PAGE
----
How to do investigative reporting in PakistanPosted: December 18, 2012
When journalist Umar Cheema launched the Center for Investigative Reporting in Pakistan (CIRP) last week, he did so with a bang: A blockbuster story that hit the headlines around the world. Two-thirds of Pakistani MPs, his report said, do not pay their taxes. Neither did President Asif Ali Zardari – famous for his spending sprees, polo games and luxurious country estates – and more than half the Cabinet.
One would think that given his history, Cheema would be more cautious about exposing wrongdoing. Two years ago, while driving home from a dinner, he was seized from his car by men in black commando garb. He was brought to a house where he was stripped naked, beaten and sexually assaulted. Unlike victims of similar abductions, Cheema spoke out and said Pakistan’s Inter-Services Intelligence (ISI) agency was responsible for the attack.
When I called him in Islamabad over the weekend, Cheema was still dealing with the furor raised by his tax story. He expected this. After all, he named names. In a 70-page booklet called, Representation without Taxation, which was released online and in a press conference last week, he listed all the members of Parliament who who didn’t pay any tax at all. He also published the names of those who had paid taxes in 2011 and the amounts they remitted to the government.
MPs roundly denied the charges and accused Cheema of being on the payroll of their rivals and of timing the report for the elections, which will likely be held in the spring. “The opposition and the administration have joined hands to wage attacks on me and malign me,” he said. But he could document each and every charge, including the last rupee of tax paid. It took six months, he said, to gather the information, verify and then verify again. He knew that he would pay dearly for any mistake. “We were doing naming and shaming,” he said, “and we had to be extra careful.”
As investigative reporter for The News, Cheema had taken on the military and the intelligence services and exposed Zardari’s corruption. Now he is on his biggest story yet.
It’s a story that has resonance in a country where tax evasion is the norm and where the tax to GDP ratio is among the lowest in the world, worse even than neighboring Afghanistan. It resonates among donors as well – Pakistan relies on billions of dollars in foreign aid, but is unable to provide basic services to its people. Readers loved the report but the MPs were livid. Today the National Assembly proposed a controversial tax amnesty bill that would allow tax dodgers to legitimize their assets by declaring them and paying just 100 rupees. These declarations would also exempt them from investigation by tax officials. Some MPs also proposed a new law that would put more constraints on media reporting.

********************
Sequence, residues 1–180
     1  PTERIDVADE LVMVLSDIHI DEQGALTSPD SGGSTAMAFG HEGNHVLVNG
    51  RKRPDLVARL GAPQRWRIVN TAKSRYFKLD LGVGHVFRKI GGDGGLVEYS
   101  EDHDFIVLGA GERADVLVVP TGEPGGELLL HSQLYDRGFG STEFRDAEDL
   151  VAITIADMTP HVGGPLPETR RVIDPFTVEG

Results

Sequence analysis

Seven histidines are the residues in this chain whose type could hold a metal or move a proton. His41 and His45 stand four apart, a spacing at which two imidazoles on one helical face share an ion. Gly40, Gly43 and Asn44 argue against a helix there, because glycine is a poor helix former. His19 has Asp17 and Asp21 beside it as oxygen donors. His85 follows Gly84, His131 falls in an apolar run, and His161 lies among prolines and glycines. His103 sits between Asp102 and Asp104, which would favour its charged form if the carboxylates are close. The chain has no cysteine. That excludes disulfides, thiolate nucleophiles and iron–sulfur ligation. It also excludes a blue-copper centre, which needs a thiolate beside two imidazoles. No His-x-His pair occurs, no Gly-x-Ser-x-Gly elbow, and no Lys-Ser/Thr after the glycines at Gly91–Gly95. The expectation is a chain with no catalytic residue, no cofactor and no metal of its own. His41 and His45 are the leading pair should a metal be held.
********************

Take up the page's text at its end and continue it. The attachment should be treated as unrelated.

As in most other countries, tax records are not public in Pakistan, but Cheema had the cooperation of officials frustrated with the low rate of tax collection in the country and who provided him the documents he needed. “I collected the information from the people who had access to the data,” he said. “You require a certain amount of trust. If people have been in the tax department for years and realize all the big guns are evading taxes, they feel frustrated. If they find like-minded people in the journalism community who have the urge to do something, they try to help.”
Cheema has been writing about taxes for the past couple of years and had been collecting tax information on federal and provincial officials.
Candidates vying for political office in Pakistan are required to declare how much taxes they paid, but those declarations are often inaccurate. Cheema says his initial reporting based on candidate nomination forms didn’t generate much attention. His newspaper was also not too keen the story. The paper was critical of the president, but like other news media in Pakistan, was wary of taking on tax issues for fear of being audited for taxes in turn.
“I had to fight for publication until I finally realized that story wouldn’t happen in my newspaper,” he said, “so we waited to do it with the Center for Investigative Reporting and to share it with foreign and local media so that it would go far and wide and have more impact.” Cheema had been thinking about such a center for some time now so that he could propagate the kind of painstaking, document-based reporting that he likes to do but is uncommon in Pakistan’s vibrant, if somewhat shallow, press.
If Cheema wanted to make waves and stir up public support for his new center, he certainly succeeded. He’s now planning to do a second and a third report, also on taxes because, he says, “tax evasion is the norm here and many people are not educated how pervasive the problem is. Through naming, we will let people know.”
The research on taxes was supported by a local NGO, the Centre for Peace and Development Initiaties. Cheema hopes to generate funding for his own center locally because he doesn’t want to be accused of being a foreign agent, as many groups who receive foreign funding have been. “The report,” he said, “has made people realize how important investigative journalism is and how important such kinds of disclosures are and we are now in a better position to present our case for the center and asking potential doors for some help.”
Cheema hopes to get some support from some media companies as well, both for writing reports as well as training. His paper and his colleagues are fully behind his exposé and so are groups in Pakistan’s nascent civil society. For now, he refuses to be distracted by threats. “Everywhere I go,” said Cheema, “people are thanking me. This will keep me going. If you ask me in my 11 years in journalism, this is the best thing I have done and this is something that I have wanted to do and have been planning for a long time, but the moment has come now and I want to do more work. I have faith in Pakistan.”